German Shepherd Training

Thank you for choosing a Vom Haus Reid German Shepherd. For years I have been breeding dogs for sound character, dogs that want to be a friend, companion, and watchdog.  Our dogs have a true desire to work, whether at home or in the field. We have spent many hours with your puppy and its littermates, familiarizing it with people and getting it accustomed to being handled and loved. I sincerely hope you have many good years with your German shepherd.

The most important time for you and your puppy to make that special attachment is between eight and sixteen weeks. Your commitment to loving him and being the leader your dog needs, will determine whether or not your puppy will grow into a happy, obedient dog. You and your puppy will enjoy many happy hours together, but first comes the foundation of that relationship.

Upon receiving your puppy, you should check for healthy signs in your puppy. They are: eyes should be bright and clear, ears should be clean and without odor, nose should be moist except in cold weather, when it should be dry.  Normally, in the Northwest every puppy has worms.  Even though your puppy has been wormed two or three times prior to you receiving him, he’ll need to be wormed again, usually around 4 months of age and then annually thereafter if you choose for preventative care.  Puppy shots should be given at seven weeks, with boosters at ten and thirteen weeks.  Although, you will need to check with your own vet for their recommendation.

Your puppy’s first night away from his mother and littermates is a very stressful time. I recommend that you first prepare you home and family prior to the day of his arrival.

  • Prepare a safe place sectioned off from areas that he is not welcome. Decide where the puppy will sleep before he comes home. If he will be sleeping in your room, don’t let him sleep there the first night. I strongly recommend using a crate. Crates are safe and secure. Like a wolf, dogs enjoy a ‘den’ like area to rest and sleep. If he is sleeping alone, provide a nice thick blanket along with an old T-shirt of yours. This will help him ‘bond’ to your smell. An old fashion alarm clock, one that ticks, will keep him company throughout the night. Soft music playing is also helpful. There will be some crying the first night or two. Resist the temptation to go to him. He will quiet down and learn to sleep by himself. If your puppy will be sleeping in your room, place him in his crate close to your bed. If he fusses, gently touch him and quiet word will comfort and reassure.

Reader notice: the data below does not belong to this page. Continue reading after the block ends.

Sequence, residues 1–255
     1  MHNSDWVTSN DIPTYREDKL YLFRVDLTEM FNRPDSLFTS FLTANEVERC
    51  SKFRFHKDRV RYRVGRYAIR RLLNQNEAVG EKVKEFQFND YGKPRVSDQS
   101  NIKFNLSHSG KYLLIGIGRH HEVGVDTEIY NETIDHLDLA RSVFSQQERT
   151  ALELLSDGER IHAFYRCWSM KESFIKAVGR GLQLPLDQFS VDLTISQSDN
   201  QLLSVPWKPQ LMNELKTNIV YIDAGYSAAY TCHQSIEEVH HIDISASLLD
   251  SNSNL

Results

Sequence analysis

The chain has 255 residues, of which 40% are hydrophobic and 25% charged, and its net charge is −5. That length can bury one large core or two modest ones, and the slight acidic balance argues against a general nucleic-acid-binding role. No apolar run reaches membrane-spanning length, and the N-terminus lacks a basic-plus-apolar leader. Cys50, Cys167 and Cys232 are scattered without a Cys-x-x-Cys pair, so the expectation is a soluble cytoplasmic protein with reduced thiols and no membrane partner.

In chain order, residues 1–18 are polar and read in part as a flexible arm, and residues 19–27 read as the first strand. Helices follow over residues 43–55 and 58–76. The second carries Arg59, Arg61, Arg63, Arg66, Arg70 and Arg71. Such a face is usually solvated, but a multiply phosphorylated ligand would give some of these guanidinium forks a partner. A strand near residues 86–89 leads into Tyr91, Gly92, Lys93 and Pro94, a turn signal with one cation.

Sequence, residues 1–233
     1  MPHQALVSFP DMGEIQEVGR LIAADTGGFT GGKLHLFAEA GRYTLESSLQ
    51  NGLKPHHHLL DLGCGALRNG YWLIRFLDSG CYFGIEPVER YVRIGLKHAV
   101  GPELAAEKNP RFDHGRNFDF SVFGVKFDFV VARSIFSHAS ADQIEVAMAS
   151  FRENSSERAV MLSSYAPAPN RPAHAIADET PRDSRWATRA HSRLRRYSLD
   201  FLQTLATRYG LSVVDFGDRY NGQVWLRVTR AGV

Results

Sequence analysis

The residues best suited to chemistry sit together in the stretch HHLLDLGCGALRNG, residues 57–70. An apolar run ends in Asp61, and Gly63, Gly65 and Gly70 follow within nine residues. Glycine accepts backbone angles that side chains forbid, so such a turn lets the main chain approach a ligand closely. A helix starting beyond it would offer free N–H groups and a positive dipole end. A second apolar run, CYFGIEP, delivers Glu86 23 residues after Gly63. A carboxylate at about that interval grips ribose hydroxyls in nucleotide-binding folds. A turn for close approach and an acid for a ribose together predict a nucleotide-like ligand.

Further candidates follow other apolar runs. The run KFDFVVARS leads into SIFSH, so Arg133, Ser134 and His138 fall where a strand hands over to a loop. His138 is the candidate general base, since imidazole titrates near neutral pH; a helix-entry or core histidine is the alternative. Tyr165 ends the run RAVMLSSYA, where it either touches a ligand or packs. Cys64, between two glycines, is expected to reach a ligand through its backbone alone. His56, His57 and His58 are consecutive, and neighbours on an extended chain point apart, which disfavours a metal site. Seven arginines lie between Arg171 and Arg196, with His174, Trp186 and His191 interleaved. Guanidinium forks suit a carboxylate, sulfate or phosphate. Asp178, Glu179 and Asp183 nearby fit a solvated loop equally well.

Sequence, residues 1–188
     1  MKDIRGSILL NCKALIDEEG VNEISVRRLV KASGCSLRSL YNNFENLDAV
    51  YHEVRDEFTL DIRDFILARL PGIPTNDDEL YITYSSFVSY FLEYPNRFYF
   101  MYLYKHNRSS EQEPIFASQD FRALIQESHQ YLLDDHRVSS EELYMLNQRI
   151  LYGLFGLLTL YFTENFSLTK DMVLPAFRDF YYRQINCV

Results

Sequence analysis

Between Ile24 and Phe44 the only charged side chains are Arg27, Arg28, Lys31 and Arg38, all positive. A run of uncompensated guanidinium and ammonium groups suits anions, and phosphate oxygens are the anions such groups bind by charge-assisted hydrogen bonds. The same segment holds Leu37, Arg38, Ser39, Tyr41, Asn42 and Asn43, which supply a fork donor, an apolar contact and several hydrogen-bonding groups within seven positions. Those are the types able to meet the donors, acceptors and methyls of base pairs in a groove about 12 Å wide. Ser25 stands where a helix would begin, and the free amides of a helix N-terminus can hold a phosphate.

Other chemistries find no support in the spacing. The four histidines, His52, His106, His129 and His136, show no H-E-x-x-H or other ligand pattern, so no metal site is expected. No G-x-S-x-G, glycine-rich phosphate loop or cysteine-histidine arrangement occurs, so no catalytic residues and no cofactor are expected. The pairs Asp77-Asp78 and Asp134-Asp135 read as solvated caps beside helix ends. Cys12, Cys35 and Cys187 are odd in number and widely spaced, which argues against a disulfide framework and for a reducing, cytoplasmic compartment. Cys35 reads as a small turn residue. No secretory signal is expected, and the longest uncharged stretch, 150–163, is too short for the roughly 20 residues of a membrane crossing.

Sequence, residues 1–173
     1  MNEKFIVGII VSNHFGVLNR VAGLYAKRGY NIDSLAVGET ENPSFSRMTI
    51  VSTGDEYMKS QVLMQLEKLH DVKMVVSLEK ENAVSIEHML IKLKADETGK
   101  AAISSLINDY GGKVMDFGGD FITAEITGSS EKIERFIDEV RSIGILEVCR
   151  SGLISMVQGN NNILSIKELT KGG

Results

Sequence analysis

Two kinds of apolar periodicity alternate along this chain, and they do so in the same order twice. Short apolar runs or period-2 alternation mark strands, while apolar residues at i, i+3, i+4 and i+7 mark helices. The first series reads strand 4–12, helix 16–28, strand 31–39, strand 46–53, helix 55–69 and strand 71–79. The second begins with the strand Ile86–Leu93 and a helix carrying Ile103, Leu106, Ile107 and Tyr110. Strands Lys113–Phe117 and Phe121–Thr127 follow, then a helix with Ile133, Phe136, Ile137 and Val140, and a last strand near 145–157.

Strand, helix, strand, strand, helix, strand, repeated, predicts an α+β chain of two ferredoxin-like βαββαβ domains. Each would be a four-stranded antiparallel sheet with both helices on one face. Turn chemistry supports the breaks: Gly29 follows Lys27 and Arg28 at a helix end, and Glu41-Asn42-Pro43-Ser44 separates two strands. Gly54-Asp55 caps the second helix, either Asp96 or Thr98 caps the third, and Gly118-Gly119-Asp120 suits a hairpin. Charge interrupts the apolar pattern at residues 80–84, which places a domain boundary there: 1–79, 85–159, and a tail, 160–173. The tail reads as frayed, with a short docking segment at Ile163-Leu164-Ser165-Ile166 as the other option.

• Food and water. Your puppy may be too excited or stressed to eat as soon as he gets home. Once he has settled down, you should feed two to three times daily. Every dog is different, depending on his or her individual needs and amount of exercise. You should start with a total of two cups, and adjust as the puppy grows. Provide a quiet place to eat. Give him fifteen minutes to finish his meal. What ever is left should be picked up and no more food given until the next mealtime. I recommend using “Nutro Natural Choice Large Breed Puppy”. Fresh water should be in easy reach at all times except at night or in the crate.
  • House training needs to be addressed from the minute your new arrival comes home. Puppies and dogs will always try to return to the same area for their elimination needs. Choose this area before he comes home. Shortly after your arrival, take the puppy out on his leash to this predetermined spot. Stand quietly until the puppy has relieved himself, then lavish with praise. A puppy can be taught to relieve himself on command. Every time he is taken to his ‘spot’, quietly say the command words over and over. Reward the puppy when he goes. The phrase I use is “Hurry-up”. He will soon relate the word to the function and then the reward.

Puppies relieve themselves quite often. Most puppies will wet two to three times within a ten minute period first thing in the morning. Do not be fooled in thinking they are done after the first time. This will gradually decrease to just once. He will probably move his bowels at this time also. Take your puppy out after each meal and after each nap. Watch for circling and sniffing. NEVER hit or even threaten him if he has an accident. A strong “NO” is sufficient, and then take him to his spot. When he has done his business where and when he is suppose to, reward him with words and praise and/or treats. Accidents do occur. Remember, a puppy or dog will go back to and area he has wet before. So, it is important that once an accident occurs, use paper towels to soak up as much as you can, then use warm soapy water plus a little vinegar to eliminate the scent.